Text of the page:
HtmlEncode and Curly Quotes, from Mysql to Ajax to Textarea, back to Mysql

I need help on properly ENCODING the following:

1 - grab a record in MySQL with French Characters and curly braces
2 - pass it via ajax to a textarea
3 - view all foreign characters normally inside textarea
4 - edit text and send it back for update via ajax to MySQL

Can you provide a simple example on how to grab this text, edit it, and update it with proper encoding.

Je m’apelle François, J’ai “tois enfants”
Gérard et à “wow” c’est bon àâçéèêëïîôùù

This may be simple to a seasoned programmer, but it's been kicking  my you know what...

I tried htmlentities() before sending to ajax but that didn't work, help.
dimsoupleAsked:
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designatedinitializerConnect With a Mentor Commented:
The fundamental thing to have in mind is to use UTF-8 encoding. Use UTF-8 in your database and in your php files.

In your ajax, use some serialization function.
I assume you are using jQuery. (if you're not, then you should).
If so, here's an example of an ajax request:

		$.ajax({
			type	: "POST",
			cache	: false,
			url		: "../participar.php",
			data	: $("#prizeForm").serializeArray(),
			success	: function(data) {
			parent.$.fancybox(data);
			parent.$.updateAddress();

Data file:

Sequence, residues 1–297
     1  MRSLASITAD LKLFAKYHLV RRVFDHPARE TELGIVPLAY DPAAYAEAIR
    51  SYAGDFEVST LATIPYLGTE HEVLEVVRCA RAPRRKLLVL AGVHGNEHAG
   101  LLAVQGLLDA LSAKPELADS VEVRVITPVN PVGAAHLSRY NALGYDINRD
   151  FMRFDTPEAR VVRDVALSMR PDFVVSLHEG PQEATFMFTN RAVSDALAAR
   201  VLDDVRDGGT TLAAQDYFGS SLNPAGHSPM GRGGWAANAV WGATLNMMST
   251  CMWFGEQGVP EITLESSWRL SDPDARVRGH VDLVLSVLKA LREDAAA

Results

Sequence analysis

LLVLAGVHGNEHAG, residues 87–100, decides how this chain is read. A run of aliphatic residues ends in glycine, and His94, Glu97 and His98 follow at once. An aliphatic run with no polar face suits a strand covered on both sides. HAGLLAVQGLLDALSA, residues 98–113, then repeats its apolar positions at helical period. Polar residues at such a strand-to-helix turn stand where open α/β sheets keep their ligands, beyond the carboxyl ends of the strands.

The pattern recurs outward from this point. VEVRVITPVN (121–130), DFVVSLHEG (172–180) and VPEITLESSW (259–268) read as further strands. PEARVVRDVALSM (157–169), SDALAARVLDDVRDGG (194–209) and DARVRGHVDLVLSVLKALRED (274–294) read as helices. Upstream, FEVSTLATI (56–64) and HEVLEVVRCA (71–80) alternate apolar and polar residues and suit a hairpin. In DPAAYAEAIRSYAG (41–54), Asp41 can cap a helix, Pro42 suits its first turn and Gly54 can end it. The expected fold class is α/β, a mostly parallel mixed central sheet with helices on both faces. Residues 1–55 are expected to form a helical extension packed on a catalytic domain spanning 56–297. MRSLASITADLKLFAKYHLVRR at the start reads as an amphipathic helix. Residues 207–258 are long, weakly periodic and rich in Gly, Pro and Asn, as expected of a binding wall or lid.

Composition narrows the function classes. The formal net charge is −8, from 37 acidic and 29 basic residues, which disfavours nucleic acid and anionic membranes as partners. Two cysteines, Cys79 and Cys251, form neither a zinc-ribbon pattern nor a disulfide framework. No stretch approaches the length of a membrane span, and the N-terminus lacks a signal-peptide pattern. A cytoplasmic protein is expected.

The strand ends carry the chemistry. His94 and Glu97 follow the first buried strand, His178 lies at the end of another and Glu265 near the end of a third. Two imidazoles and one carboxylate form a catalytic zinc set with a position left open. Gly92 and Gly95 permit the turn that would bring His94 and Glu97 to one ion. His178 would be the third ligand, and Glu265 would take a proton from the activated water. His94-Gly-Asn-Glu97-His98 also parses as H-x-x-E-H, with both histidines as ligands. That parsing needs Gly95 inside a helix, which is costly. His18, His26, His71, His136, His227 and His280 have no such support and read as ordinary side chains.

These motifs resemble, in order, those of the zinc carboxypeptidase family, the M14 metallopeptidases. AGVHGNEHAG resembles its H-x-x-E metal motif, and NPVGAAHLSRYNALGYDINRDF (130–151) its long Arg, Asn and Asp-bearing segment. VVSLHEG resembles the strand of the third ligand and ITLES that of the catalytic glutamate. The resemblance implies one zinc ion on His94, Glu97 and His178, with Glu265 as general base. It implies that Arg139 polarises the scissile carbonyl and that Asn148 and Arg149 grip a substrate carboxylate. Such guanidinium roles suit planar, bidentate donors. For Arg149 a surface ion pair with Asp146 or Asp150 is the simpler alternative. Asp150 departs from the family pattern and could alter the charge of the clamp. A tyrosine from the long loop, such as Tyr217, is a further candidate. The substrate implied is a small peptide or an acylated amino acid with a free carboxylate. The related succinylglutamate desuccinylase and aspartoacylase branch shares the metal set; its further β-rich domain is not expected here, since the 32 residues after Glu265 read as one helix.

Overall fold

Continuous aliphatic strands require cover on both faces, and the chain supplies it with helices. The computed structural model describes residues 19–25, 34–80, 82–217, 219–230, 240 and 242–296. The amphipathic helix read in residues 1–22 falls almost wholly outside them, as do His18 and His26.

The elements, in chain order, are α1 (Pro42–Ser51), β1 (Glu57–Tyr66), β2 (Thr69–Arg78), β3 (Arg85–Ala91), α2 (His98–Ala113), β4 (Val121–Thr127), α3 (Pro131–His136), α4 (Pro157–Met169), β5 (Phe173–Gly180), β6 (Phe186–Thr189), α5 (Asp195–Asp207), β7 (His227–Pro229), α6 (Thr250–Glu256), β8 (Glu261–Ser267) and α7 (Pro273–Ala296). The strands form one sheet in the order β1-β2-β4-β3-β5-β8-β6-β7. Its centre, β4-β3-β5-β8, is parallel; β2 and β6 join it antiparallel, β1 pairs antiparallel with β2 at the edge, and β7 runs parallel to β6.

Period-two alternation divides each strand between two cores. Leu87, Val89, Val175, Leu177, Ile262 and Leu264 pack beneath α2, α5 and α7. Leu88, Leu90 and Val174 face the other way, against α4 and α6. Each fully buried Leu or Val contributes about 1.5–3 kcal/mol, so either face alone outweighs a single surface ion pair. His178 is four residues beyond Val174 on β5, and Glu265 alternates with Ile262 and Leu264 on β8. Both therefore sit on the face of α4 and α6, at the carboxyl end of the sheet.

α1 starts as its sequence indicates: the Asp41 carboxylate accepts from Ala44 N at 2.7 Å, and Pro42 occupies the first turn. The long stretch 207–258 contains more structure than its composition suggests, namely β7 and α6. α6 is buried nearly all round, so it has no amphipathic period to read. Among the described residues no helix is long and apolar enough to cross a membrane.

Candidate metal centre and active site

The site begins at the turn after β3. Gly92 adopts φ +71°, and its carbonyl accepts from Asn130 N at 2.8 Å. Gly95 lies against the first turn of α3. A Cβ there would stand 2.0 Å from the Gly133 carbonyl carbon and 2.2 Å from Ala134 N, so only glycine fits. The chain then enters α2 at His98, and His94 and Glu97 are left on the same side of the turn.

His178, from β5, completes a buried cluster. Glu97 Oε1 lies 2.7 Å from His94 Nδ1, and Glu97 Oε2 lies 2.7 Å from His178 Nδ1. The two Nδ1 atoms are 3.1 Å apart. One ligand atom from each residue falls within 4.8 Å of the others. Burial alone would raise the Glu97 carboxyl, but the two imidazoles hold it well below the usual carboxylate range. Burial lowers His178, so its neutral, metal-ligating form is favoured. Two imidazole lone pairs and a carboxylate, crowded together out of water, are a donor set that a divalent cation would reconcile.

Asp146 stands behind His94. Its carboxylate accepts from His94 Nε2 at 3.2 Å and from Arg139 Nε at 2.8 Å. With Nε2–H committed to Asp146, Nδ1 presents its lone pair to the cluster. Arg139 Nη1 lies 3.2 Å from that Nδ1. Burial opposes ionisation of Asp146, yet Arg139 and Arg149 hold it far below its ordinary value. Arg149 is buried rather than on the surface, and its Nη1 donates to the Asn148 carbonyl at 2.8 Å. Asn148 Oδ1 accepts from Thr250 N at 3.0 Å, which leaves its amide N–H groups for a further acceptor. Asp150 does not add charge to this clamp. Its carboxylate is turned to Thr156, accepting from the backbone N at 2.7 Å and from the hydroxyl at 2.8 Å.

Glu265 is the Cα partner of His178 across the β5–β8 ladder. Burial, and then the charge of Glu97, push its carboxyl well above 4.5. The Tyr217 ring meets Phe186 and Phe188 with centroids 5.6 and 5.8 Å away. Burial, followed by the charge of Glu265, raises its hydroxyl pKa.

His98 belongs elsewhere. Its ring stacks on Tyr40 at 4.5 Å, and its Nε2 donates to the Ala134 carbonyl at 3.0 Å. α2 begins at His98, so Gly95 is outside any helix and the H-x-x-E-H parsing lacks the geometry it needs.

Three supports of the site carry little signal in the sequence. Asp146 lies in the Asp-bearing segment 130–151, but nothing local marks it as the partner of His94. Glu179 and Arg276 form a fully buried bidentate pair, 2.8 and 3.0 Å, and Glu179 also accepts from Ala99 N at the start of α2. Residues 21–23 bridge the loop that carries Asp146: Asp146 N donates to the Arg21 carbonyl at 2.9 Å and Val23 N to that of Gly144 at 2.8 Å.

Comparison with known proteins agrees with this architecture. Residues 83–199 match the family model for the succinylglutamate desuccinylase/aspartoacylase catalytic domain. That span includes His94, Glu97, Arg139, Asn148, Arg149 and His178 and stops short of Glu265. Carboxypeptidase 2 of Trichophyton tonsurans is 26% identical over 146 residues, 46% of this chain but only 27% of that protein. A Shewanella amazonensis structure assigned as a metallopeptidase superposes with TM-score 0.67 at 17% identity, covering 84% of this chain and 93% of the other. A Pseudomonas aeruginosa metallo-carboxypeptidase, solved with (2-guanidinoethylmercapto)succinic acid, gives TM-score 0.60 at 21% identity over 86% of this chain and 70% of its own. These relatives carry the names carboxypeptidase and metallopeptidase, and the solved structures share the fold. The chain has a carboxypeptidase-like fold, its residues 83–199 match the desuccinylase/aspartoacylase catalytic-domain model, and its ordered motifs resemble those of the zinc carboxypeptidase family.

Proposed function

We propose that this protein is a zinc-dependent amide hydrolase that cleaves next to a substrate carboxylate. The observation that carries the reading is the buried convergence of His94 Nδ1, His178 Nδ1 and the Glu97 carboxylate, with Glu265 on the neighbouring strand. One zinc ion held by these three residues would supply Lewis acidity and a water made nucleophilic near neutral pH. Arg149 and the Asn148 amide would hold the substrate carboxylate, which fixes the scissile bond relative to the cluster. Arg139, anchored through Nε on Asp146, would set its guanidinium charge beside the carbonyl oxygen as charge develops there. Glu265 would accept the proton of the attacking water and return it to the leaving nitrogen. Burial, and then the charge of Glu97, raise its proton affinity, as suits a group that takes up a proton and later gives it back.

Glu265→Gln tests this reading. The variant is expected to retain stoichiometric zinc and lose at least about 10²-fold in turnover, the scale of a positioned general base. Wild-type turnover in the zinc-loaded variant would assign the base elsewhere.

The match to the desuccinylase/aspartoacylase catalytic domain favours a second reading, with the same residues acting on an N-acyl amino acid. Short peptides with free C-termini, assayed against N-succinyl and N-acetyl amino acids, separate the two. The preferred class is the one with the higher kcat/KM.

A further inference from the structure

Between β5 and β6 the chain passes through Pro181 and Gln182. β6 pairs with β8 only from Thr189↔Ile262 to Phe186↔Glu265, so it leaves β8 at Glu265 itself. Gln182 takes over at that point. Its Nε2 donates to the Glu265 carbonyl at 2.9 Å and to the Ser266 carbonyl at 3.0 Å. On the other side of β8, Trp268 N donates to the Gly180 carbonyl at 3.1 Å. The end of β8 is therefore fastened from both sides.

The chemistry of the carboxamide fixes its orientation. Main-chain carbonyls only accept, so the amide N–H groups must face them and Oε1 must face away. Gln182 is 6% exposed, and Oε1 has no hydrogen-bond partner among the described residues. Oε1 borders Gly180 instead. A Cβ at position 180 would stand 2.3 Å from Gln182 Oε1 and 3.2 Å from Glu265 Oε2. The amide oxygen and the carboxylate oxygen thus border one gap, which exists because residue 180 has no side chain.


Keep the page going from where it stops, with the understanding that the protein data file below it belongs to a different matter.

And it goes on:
}

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And here is a snippet of the PHP code that receives the ajax request.
You simply treat it as POST:
if(array_key_exists('action', $_POST)) {	switch($_POST['action'])
	{
		case "alterar":
			// This is an AJAX request from the main window
			$user = new user();
			$user = $session->getVar("user");
			if(!is_a($user,"user")) {
				// Logout
				$session->delete("user");
				die("A sua sessão terminou. Por favor faça login novamente.");
			}
			$name     = trim($_POST['altNome']);
			$password = trim($_POST['altPass']);

...

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Then be careful to use mysql_real_escape_string() on all user input, before inserting into the database.
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designatedinitializerConnect With a Mentor Commented:
IMPORTANT: in your text editor, be sure to change your php files' encoding to "UTF-8, with no BOM"!
(Simply put, the BOM is a bunch of non-visible garbage that gets into the start of your file and can mess with your request headers and spawn misterious errors)
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leakim971PluritechnicianCommented:
... and if you already have records in an other encoding(latin-1/ISO 8859-1), you should consider this data as corrupted
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Ray PaseurCommented:
You do not need unicode for western european characters.  ISO-8859-1 works perfectly.  The central issue with this or any other encoding problem is getting consistency across the platforms.  This article explains some of it.
http://www.joelonsoftware.com/articles/Unicode.html

See http://www.laprbass.com/RAY_temp_dimsouple.php